Hurricane Joaquin is strengthening in intensity, raising the possibility that parts of the East Coast could be battered by rains and harsh winds, and making the prospect of going to the movies very remote indeed for many Americans.
It’s not clear if the storm will make landfall or will remain offshore, but as of Thursday afternoon it has now reached Category 4 levels. Should it hit New York City or other major metropolises, it will significantly impact moviegoing, costing millions of dollars in lost receipts, experts and studio executives say.
“The worst case scenario is New York really gets hit and it hampers mobility for a good part of the weekend,” said Jeff Bock, an analyst with Exhibitor Relations.
New York is one of the biggest markets for film, representing as much as 7% of the weekend box office, so studios are watching intently to see if the Big Apple is in the path of the storm. If the weather isn’t catastrophic, the effect could be marginal, dampening enthusiasm, but not preventing people from venturing outside their homes. Should it worsen, theaters will close, subways will shut down, and audiences will stock up on canned goods and stay inside.
Many box office prognosticators caution that it is too early to tell where, when, and if the storm will buffet the towns and cities along the Atlantic. Hurricane Joaquin could result in winds of 140 mph, but meteorologists differ over whether or not it will reach the Eastern Seaboard. Some computer models have it remaining out at sea, while others suggest that the region from North Carolina to New York City is at risk.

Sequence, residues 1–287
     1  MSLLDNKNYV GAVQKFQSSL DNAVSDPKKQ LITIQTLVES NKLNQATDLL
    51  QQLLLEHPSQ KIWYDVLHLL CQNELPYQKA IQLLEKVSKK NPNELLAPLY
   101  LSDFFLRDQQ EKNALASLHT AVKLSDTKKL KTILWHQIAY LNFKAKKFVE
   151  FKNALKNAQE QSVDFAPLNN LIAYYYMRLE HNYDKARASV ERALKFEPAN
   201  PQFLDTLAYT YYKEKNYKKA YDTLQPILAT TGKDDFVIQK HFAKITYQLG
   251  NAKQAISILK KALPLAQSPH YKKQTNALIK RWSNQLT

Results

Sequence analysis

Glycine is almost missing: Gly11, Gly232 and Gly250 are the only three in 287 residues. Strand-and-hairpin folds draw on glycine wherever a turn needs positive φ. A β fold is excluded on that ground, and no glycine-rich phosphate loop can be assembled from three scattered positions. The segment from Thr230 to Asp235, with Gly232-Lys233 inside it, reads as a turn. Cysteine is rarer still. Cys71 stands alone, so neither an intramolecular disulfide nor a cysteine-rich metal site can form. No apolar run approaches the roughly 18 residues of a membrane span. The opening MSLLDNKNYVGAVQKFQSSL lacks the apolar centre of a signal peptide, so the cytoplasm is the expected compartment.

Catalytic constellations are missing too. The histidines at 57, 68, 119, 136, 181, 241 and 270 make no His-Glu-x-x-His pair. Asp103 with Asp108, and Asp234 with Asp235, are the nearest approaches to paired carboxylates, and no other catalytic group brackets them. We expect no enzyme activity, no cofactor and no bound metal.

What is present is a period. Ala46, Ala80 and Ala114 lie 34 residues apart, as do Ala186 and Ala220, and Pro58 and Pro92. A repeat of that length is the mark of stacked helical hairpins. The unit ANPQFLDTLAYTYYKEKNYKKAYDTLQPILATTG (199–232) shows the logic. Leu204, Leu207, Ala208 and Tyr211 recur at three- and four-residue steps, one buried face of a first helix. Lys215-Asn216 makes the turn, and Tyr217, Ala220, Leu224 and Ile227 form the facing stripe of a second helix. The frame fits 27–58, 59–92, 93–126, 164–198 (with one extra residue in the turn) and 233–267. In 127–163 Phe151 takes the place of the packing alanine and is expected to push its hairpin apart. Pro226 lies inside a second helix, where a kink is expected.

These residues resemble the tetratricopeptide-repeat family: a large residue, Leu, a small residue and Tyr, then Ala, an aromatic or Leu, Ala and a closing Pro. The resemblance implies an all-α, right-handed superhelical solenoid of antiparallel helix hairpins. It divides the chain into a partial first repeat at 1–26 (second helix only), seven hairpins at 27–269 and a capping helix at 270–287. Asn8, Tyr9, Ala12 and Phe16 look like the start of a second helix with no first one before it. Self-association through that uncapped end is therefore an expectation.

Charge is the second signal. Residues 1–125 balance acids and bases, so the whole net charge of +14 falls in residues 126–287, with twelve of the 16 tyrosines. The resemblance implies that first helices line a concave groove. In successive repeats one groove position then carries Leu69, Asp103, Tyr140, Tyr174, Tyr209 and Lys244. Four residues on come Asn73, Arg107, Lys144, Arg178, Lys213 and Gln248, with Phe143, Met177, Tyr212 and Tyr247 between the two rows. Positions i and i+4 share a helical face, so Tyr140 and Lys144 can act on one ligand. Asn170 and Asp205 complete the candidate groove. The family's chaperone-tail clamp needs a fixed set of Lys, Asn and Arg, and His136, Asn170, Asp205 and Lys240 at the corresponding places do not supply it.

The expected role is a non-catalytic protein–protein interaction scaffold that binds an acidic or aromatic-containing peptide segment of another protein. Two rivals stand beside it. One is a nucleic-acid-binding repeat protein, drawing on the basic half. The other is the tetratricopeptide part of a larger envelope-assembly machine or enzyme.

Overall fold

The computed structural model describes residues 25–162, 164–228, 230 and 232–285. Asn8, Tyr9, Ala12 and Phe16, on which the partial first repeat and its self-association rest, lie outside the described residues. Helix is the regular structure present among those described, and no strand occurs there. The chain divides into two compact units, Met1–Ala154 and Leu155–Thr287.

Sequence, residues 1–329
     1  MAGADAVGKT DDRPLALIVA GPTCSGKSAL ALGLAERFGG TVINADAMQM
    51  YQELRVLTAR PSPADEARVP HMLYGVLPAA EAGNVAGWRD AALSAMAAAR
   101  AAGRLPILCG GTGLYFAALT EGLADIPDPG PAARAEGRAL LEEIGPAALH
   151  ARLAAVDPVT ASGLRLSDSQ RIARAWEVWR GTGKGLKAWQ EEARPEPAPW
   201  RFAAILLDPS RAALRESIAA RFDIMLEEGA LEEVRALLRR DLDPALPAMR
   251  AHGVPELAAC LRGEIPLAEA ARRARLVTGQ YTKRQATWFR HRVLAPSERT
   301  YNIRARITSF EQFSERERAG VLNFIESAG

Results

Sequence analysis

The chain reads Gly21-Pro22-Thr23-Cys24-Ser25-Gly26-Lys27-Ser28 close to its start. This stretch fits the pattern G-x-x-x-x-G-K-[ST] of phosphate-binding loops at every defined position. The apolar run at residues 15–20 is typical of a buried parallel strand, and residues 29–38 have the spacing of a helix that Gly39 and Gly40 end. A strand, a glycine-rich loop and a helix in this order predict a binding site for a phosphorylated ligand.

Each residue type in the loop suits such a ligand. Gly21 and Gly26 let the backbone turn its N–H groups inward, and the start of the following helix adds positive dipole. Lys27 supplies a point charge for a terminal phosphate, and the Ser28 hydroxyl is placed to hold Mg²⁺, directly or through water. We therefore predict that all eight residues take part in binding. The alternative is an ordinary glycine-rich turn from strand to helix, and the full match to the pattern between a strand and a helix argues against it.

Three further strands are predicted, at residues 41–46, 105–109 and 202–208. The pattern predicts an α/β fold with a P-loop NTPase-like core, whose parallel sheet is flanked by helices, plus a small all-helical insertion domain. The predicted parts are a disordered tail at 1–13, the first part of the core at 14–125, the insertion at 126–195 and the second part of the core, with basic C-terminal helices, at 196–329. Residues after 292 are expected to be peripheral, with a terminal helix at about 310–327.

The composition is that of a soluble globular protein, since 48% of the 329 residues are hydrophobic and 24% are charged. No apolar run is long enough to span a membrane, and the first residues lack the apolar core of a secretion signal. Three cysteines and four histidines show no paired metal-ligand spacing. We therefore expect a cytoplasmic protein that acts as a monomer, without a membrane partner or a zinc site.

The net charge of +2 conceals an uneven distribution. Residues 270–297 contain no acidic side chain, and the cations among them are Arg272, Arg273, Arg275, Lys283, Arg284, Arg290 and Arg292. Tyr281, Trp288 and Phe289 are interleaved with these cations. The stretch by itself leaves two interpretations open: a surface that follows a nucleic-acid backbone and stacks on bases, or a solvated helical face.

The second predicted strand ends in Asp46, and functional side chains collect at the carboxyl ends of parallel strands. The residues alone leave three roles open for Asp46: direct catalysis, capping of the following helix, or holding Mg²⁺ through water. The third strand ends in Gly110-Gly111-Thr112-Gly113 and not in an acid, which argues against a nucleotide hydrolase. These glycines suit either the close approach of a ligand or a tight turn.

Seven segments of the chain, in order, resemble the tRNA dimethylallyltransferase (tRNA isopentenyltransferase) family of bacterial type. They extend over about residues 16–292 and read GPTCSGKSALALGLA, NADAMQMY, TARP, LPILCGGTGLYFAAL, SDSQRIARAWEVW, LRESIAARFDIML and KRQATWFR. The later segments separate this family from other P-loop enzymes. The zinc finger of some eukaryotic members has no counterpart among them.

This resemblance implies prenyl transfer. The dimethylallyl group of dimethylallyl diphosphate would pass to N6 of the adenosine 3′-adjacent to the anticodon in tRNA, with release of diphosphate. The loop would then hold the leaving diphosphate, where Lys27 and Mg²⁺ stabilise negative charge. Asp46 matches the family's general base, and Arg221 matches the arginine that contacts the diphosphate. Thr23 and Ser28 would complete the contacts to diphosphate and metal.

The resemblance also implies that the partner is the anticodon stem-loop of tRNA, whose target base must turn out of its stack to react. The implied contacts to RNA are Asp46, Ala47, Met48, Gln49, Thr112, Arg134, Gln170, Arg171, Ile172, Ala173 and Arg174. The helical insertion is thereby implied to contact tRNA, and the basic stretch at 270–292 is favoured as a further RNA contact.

“It’s always difficult to call,” said Eric Handler, an analyst with MKM Partners. “A lot will depend on how strong the storm is. If it’s just rain, people will go outside, particularly if the movie is good.”
Superstorm or toothless tempest, “The Martian” is expected to be the main attraction at multiplexes, racking up an opening weekend of $45 million or more. Reviews have been strong and pre-sales are outpacing “Gravity,” so analysts believe that even if moviegoers stay inside, many will eventually make their way to theaters to see the film.
It can be difficult to find historical examples of the impact of inclement weather on ticket sales. Hurricane Sandy, for instance, hit New York City on a Monday, which is traditionally a slow day for moviegoing. Yet Hurricane Irene, a less intense storm, resulted in theater closures along the East Coast, with estimates of lost ticket sales hitting $25 million. And when “Avatar” debuted in 2009, there was speculation that snow storms across the Northeast prevented the 3D epic from breaking records for a December release.
That final case is instructive. Snow drifts may have impeded fans from visiting Pandora the first weekend, but eventually they caught up with the film, making it the biggest blockbuster in history. A strong movie can always rebound.